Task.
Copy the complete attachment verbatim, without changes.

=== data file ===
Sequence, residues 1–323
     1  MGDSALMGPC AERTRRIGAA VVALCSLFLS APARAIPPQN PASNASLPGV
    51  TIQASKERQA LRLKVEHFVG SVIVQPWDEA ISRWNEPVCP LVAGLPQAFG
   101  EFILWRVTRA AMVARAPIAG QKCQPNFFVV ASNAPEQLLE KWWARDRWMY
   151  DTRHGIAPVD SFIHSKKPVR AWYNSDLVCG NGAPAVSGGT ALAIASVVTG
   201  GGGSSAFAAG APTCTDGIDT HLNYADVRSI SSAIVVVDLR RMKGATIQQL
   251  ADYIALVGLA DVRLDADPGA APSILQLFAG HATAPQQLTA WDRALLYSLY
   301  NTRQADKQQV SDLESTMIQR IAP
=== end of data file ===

Sequence, residues 1–323
     1  MGDSALMGPC AERTRRIGAA VVALCSLFLS APARAIPPQN PASNASLPGV
    51  TIQASKERQA LRLKVEHFVG SVIVQPWDEA ISRWNEPVCP LVAGLPQAFG
   101  EFILWRVTRA AMVARAPIAG QKCQPNFFVV ASNAPEQLLE KWWARDRWMY
   151  DTRHGIAPVD SFIHSKKPVR AWYNSDLVCG NGAPAVSGGT ALAIASVVTG
   201  GGGSSAFAAG APTCTDGIDT HLNYADVRSI SSAIVVVDLR RMKGATIQQL
   251  ADYIALVGLA DVRLDADPGA APSILQLFAG HATAPQQLTA WDRALLYSLY
   301  NTRQADKQQV SDLESTMIQR IAP